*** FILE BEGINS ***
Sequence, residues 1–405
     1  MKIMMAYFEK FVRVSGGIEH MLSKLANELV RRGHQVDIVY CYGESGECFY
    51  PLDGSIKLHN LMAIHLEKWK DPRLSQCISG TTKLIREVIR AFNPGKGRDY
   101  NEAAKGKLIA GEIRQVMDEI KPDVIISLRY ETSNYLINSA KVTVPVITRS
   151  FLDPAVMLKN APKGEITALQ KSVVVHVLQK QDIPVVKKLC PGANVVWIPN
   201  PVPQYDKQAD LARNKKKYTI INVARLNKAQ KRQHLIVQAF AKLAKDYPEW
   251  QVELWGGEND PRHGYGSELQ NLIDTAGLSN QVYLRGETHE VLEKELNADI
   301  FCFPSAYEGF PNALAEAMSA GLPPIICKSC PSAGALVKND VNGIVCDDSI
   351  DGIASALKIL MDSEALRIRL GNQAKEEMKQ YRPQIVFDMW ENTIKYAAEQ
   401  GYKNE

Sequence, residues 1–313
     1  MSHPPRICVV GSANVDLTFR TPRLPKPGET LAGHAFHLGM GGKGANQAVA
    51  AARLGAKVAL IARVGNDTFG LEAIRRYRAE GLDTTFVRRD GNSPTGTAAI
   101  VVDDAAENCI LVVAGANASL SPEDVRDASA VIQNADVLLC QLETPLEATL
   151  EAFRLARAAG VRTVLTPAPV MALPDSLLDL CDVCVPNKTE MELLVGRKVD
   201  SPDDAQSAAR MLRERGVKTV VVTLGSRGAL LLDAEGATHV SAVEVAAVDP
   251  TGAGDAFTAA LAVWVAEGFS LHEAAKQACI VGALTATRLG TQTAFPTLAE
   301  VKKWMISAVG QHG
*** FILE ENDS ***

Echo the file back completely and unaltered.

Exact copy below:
Sequence, residues 1–405
     1  MKIMMAYFEK FVRVSGGIEH MLSKLANELV RRGHQVDIVY CYGESGECFY
    51  PLDGSIKLHN LMAIHLEKWK DPRLSQCISG TTKLIREVIR AFNPGKGRDY
   101  NEAAKGKLIA GEIRQVMDEI KPDVIISLRY ETSNYLINSA KVTVPVITRS
   151  FLDPAVMLKN APKGEITALQ KSVVVHVLQK QDIPVVKKLC PGANVVWIPN
   201  PVPQYDKQAD LARNKKKYTI INVARLNKAQ KRQHLIVQAF AKLAKDYPEW
   251  QVELWGGEND PRHGYGSELQ NLIDTAGLSN QVYLRGETHE VLEKELNADI
   301  FCFPSAYEGF PNALAEAMSA GLPPIICKSC PSAGALVKND VNGIVCDDSI
   351  DGIASALKIL MDSEALRIRL GNQAKEEMKQ YRPQIVFDMW ENTIKYAAEQ
   401  GYKNE

Sequence, residues 1–313
     1  MSHPPRICVV GSANVDLTFR TPRLPKPGET LAGHAFHLGM GGKGANQAVA
    51  AARLGAKVAL IARVGNDTFG LEAIRRYRAE GLDTTFVRRD GNSPTGTAAI
   101  VVDDAAENCI LVVAGANASL SPEDVRDASA VIQNADVLLC QLETPLEATL
   151  EAFRLARAAG VRTVLTPAPV MALPDSLLDL CDVCVPNKTE MELLVGRKVD
   201  SPDDAQSAAR MLRERGVKTV VVTLGSRGAL LLDAEGATHV SAVEVAAVDP
   251  TGAGDAFTAA LAVWVAEGFS LHEAAKQACI VGALTATRLG TQTAFPTLAE
   301  VKKWMISAVG QHG